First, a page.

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ALBUM REVIEW: The Defects muscle it up on Feed The Good Dog

ALBUM REVIEW: The Defects muscle it up on Feed The Good Dog

WITH the parlous state of the world at the dawn of 2018 The Defects have lashed out in furious form for their new release ‘Feed The Good Dog’.

For years the risk to the world was ‘limited’ to climate change, but with a buffoon in the Whitehouse, an overtly aggressive Kremlin, tensions in the Korean Peninsula and the reality of ‘fake news’ The Defects have ramped up the vitriol.

As they say: “Import knowledge, Export Truth”…

From the off there is barely controlled rage as the fury rails in the words and is reflected in the music.

Despite a heavier edge to each track the essence of The Defects is not lost. Choruses and melodies still lurk with ominous catchiness, urging the listener to singalong to compulsively join in.

Of course, those who know and love The Defects will be those who may be accused of conformation bias as they will, undoubtedly, share their world view, but the strength of the emotion on these tracks almost deserve the lyrics to be shared more widely.

But, it is not all invective. The nostalgia dripped ‘Gate Crash’ harkens back to the days those of a certain age, did indeed crash the ‘Blue Lamp Discos’ cops used to hold to keep the ‘bad uns’ off the streets.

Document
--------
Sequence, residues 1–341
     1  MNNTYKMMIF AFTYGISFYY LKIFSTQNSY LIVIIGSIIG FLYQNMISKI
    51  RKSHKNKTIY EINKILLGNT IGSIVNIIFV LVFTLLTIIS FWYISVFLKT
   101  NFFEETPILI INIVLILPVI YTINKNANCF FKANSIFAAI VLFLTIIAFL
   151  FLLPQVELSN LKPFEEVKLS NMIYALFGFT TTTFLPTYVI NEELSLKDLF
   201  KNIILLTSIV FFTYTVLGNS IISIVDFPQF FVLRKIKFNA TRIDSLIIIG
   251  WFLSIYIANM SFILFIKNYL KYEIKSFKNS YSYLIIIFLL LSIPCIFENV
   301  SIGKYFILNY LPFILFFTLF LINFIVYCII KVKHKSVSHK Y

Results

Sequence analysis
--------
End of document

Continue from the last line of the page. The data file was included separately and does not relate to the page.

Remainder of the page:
And, ‘Action Junkie’ dub is a penultimate relief from the all-out assault.

For all the rage on display Glenn Kingsmore’s song writing is well balanced, and the performances of all members teeter on that edge of chaos and brilliance that few can manage in the modern rock and punk world.

Buck’s voice drips glorious hatred against Roy’s staccato riffing as Aidy and Glenn lock down rhythms that will both have your head nodding and instinctively have you ready to pogo and mosh.

While you can pick out stand-outs such as ‘The Wisdom of Norman’  and ’30 Billion Dollar Swindle’ what is striking about ‘Feed The Good Dog’ is the coherence of the album, the feeling that this is a complete package.

Despite the primal feelings all the songs this is also an album that deserves repeated listens: for all the heaviness and fury there are subtle devices here that elevates it well beyond the tired clichés trotted out by so many in the genre.

It is a risky claim, but this is an album you need in your collection.

Review by Jonathan Traynor

Feed The Dog is out now on Punkarama Records, and via The Defects web page.

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